It is difficult to imagine that any medium to large sized business in Australia is not aware of the growing rate of data breaches around the world. This being true, then what has this to do with the law?
It seems inevitable that the growth in sophistication of technology brings with it a directly proportional growth in exposure to hacking.
There can be a variety of agendas behind hacking activities, from serious criminal ones, to those that aim to highlight flaws in the technology, or simply identify something the developers had not thought to prevent or address.
Certainly, when technology goes wrong, or it is hacked, or there is a loss from it –we will reach a critical mass point when losses have to be chased. At present, concerns over damage to reputation and market perception often dissuade sufferers from taking steps to recover losses, or indeed letting the world know it happened at all.
Companies do not want it made public that they have suffered cyber breaches. However, I am certain there will be a levelling process, if it has not already begun, when the embarrassment of suffering a digital break in will eventually be outweighed by the need to take steps to recover losses suffered. This of course presumes steps can be taken.
Let’s put this in context by looking at the recent events involving Fiat Chrysler in the US. Much to the chagrin of manufacturers of computer controlled devices (which is almost everything these days), there are large numbers of technically skilled people who make a living legally trying to find flaws and faults with the computer and software components of such devices.
In July this year, Fiat Chrysler found out just how effective such people can be. The company was left with no option but to issue a recall of 1.4 million vehicles.
That action was taken after an article was published in Wired magazine by a group of researchers who proved beyond doubt they could wirelessly hack into a Jeep Cherokee and control almost all its key functions, including breaks and steering.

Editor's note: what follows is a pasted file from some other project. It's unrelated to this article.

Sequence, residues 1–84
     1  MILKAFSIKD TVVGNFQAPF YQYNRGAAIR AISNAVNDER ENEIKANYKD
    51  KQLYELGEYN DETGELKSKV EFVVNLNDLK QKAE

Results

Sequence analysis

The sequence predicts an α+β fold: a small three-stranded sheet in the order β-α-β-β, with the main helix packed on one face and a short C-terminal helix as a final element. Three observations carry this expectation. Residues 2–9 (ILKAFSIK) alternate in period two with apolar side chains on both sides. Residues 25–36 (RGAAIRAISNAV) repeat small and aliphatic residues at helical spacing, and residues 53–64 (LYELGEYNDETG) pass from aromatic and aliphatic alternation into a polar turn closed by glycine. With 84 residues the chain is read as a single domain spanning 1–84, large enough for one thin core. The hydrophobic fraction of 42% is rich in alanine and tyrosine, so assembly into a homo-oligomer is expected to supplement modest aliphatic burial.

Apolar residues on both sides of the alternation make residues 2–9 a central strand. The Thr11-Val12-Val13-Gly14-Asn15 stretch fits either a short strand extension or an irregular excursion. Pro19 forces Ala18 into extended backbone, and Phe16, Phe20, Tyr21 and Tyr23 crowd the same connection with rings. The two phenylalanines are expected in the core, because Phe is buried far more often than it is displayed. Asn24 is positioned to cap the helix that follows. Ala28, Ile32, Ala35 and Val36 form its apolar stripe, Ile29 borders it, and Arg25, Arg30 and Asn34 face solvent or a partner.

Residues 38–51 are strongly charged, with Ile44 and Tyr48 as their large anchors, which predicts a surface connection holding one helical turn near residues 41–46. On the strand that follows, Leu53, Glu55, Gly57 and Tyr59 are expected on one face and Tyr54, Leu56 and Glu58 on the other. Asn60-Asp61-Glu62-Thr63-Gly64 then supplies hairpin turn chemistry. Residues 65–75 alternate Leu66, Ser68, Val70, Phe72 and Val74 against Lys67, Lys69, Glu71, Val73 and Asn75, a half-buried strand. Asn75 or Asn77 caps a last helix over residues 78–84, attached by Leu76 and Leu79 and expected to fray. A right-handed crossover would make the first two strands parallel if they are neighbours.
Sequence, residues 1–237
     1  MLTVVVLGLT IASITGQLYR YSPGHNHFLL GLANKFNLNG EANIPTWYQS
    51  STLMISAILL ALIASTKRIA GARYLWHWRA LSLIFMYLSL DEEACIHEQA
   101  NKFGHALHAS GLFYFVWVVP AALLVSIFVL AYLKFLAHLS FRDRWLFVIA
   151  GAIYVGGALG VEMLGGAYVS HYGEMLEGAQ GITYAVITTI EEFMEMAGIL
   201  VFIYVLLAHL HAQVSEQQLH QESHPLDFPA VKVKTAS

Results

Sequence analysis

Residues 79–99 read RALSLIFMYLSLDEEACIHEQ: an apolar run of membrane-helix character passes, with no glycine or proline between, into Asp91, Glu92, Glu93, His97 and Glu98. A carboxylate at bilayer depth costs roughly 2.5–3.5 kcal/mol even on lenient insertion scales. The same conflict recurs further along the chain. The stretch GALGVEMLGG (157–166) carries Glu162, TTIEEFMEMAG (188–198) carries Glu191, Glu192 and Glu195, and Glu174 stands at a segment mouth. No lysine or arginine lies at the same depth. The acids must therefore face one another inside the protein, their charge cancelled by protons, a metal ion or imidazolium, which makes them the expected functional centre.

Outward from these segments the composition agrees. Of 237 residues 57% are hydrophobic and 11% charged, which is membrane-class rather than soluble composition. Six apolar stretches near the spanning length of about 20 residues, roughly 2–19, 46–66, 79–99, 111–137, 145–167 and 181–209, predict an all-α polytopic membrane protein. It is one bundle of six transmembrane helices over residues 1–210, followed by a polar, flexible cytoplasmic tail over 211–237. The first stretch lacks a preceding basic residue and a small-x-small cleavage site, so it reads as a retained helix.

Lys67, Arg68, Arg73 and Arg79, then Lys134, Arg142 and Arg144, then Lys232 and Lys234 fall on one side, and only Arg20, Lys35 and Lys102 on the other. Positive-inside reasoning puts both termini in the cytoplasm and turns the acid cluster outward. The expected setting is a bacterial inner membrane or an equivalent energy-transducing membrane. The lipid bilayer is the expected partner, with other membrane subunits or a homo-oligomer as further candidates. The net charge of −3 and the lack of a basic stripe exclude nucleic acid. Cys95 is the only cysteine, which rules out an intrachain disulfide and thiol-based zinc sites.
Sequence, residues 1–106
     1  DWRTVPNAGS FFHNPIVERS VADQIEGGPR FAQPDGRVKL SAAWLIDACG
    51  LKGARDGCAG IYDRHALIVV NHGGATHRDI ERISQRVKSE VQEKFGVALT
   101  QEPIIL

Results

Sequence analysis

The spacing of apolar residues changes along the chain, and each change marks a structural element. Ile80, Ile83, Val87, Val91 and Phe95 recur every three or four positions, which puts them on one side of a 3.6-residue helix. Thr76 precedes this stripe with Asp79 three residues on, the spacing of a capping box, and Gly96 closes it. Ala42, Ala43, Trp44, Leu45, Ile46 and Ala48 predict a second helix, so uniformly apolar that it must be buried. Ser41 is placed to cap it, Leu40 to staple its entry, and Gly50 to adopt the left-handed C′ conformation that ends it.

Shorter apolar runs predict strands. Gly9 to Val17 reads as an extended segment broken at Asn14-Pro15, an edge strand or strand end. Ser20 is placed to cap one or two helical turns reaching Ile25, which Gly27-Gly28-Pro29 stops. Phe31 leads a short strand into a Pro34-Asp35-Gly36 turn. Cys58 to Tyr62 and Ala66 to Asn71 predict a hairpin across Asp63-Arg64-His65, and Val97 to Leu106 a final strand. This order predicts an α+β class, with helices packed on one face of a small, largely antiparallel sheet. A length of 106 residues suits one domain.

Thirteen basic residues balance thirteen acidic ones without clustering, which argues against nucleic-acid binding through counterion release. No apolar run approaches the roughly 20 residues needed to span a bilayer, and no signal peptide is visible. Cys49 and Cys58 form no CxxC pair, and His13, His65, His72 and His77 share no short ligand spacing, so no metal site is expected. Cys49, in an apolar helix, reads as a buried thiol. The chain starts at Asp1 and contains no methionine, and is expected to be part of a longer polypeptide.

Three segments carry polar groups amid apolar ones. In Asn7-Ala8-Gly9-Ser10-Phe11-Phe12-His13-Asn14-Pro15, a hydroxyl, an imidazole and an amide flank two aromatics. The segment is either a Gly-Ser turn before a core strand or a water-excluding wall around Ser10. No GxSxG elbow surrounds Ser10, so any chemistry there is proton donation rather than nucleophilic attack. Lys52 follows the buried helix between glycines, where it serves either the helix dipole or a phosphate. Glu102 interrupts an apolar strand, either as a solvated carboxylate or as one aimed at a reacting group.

No doubt it cost Fiat Chrysler a huge amount of money to carry out the recall and attempt to shut out the technical vulnerability of the vehicle control systems. However, it is likely that the really substantial cost suffered would not appear on the bottom line for some while - the damage to reputation.
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As I have indicated in previous articles, it is unquestionable there are growing domestic and business concerns over cyber security – from hacks of social media, to major intrusions into corporate networks and data repositories.
With this growing concern, there is often a demand for governments to step in and legislate to reduce the increased risks. In the case of Fiat Chrysler, there have been calls in the US for legislation to impose standards for vehicle security.
Whether such legislation will have any viable effect is not the subject of this article. However, the legal ramifications are very much the focus here. If preventative measures do not work – then the business and general community will look to remedies of compensation and punishment.
It helps to be clear on the sorts of predicaments we are talking about here. There are two broad areas to consider. The first is where an organisation has its own systems and does not rely on any third parties. In such situations, the company has no third party to look to for being at fault where a security breach occurs and a loss is suffered.